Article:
How Do You Sell Apple Stuff In China? Luxury, Luxury, Luxury

China is, on paper, a communist society. China is, in practice, a society of aspirational consumption, conspicuous consumerism, and a gaudy upper class. So how does Apple, with hippy roots, take control? By conforming, FP reports. iPhones are golden crowns.

Whereas the tech colossus is adored in the west for its innovation and design daring, Chinese shoppers, Foreign Policy's Christina Larson reports, are in it for the attention.

It's simple. Apple products are hard to come by in China — four (official) stores, almost four million square miles of territory. That's ratio conducive to scarcity — and with scarcity comes craving. Apple is in China, more so than in other developed countries, a luxury brand among the Guccis, Pradas and Louis Vuittons. Its name connotes wealth, status, and rarity. And in a class-hungry society like China, this means serious cash. It also means serious fanboys (and girls):

But like any luxury good, the high price and relative scarcity — and sense of exclusivity that creates — is part of its appeal. Before Apple products are released officially in China, a limited number are smuggled in through a vast grey market. Last summer, a few months before the iPad had even been released on the mainland, I noticed one young woman decked out in a shimmering silver miniskirt, red halter top, and fake eyelashes, and followed by a small camera crew, posing with her contraband (i.e., not-yet-released, not necessarily fake) iPad against the spiral staircase of Beijing's Guomao Starbucks. She was showing off, and recording for posterity, her lovely device, with languid poses that called to mind (or tried to) ads for luxury automobiles.

The FP's got a good point — but you have to wonder, to what extent is this a Chinese phenomenon? Class-obsession, fanboy consumerism, phone-as-status-symbol — sure sounds a lot like the country I'm sitting in right now. Let's not forget that the US is a country in which people sleep on the street to buy new Apple products, engage in multi-thousand word tirades defending them, and conspicuously garb them in leather cases. We're both rabidly consumerist societies — maybe China's just less ashamed of theirs. [FP]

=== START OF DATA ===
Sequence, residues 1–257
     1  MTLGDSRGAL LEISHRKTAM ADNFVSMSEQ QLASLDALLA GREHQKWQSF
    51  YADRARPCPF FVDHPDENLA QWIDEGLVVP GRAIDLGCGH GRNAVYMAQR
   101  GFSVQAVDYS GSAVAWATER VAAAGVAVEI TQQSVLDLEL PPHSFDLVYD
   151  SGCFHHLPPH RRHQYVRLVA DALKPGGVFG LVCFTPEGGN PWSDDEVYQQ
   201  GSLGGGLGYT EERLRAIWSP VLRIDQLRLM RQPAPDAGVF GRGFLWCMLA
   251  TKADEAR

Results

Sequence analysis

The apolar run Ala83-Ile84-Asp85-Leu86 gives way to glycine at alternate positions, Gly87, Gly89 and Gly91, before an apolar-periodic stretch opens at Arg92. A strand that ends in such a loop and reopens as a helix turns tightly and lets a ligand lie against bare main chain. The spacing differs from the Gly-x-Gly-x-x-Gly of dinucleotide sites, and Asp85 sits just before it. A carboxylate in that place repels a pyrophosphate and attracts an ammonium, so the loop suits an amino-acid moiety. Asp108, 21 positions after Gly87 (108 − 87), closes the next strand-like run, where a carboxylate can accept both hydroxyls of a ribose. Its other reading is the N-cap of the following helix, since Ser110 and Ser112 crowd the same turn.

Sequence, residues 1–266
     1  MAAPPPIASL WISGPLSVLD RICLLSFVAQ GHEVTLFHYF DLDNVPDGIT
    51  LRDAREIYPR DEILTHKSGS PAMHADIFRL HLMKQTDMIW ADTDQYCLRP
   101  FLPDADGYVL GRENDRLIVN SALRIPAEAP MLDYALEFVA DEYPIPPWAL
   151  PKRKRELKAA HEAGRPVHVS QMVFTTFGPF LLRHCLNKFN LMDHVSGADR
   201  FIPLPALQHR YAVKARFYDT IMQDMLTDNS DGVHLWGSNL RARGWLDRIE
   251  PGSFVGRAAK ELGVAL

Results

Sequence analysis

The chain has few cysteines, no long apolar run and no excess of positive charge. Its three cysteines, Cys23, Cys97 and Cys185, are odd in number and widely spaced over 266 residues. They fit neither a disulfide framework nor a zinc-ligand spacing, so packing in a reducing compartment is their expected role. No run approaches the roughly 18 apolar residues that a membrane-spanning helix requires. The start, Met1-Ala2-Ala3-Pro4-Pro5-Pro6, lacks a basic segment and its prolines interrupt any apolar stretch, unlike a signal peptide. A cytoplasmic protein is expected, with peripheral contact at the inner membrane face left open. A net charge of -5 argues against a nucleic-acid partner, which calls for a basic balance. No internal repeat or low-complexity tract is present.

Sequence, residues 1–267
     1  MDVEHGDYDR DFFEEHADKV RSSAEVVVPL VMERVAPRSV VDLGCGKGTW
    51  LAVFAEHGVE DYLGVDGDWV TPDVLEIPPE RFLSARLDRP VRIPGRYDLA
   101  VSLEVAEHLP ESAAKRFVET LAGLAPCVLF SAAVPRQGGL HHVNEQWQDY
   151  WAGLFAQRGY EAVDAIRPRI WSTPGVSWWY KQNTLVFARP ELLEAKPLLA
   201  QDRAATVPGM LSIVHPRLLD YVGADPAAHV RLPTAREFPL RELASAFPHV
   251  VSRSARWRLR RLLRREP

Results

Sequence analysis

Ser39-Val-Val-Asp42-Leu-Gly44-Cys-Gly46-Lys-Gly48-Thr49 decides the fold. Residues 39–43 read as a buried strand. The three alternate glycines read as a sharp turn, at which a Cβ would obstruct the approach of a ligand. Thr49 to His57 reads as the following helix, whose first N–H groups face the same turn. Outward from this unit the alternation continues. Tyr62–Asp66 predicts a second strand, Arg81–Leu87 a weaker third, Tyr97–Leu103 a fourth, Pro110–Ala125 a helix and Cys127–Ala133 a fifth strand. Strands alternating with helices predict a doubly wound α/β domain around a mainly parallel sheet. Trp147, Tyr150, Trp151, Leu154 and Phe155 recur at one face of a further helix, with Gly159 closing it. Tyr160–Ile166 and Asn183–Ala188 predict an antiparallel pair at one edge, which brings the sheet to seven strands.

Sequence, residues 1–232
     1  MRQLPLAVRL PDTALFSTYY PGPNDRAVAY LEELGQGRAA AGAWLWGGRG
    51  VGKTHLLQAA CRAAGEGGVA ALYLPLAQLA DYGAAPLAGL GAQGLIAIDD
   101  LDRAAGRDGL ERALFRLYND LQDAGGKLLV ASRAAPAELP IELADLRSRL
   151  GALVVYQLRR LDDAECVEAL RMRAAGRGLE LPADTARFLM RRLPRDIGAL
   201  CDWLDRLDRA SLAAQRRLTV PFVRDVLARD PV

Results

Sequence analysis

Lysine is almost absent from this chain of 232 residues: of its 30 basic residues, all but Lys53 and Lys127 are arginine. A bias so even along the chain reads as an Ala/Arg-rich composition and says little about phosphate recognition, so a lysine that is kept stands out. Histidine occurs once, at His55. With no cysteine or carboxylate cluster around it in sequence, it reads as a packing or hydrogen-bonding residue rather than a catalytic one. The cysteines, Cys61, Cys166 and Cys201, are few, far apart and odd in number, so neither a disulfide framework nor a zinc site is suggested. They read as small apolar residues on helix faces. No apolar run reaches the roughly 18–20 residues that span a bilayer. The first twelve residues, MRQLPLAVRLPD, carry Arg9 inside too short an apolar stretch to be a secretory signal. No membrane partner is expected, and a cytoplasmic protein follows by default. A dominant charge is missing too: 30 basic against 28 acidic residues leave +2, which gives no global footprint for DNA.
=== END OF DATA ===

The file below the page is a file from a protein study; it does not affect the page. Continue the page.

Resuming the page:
Photo: ChinaFotoPress/Getty



    If they also come with golden earphones I am sold

    I think the difference between China and the Western world is that we in the west want to *use* the latest thing, whereas those in China (and to a certain extent, Japan) want to be *seen* to use the latest thing.

    In countries where everyone has similar skin tone, similar hair colour and similar background, anything to break you out of the pack and elevate you above it is A Good Thing. There's plenty of jokes and sayings in Japan about how image is important - there's even stories of people who will regularly go without eating to afford the latest fashion/phone/car/whatever. This is probably why alternative culture is becoming more popular there too.

      No i'm pretty sure Westerners want to be *seen* to use the latest thing. Lets face it, if they sold the exact same phone with the exact same features that wasn't an apple, the 'fashion focused' will still always get the apple.

      There's no reason a leather bag needs to cost $10k upwards (does the cow have his own servant and plastic surgeon?). We all know it's for the name, there's no use hiding it.

      There's no specific racial thing about conspicuous consumption. Everyone does it, most of these nouveau riche Chinese are simply new to money so they're not so used to how gaudy and kitschy this type of spending looks.

    To expand on what Scott's saying, unlike Asian (and other) monocultures, the relatively multicultural English-speaking world is founded on the advantages of different approaches and attitudes. So we appreciate and seek out the new and novel but doing so, and finding the new and novel is in itself a pretty ordinary, mundane fact of life.

    It seems to me that this is a relatively new thing in monocultural societies and it may take a few generations for them to have enough internal variation for novelty to be an expectation.

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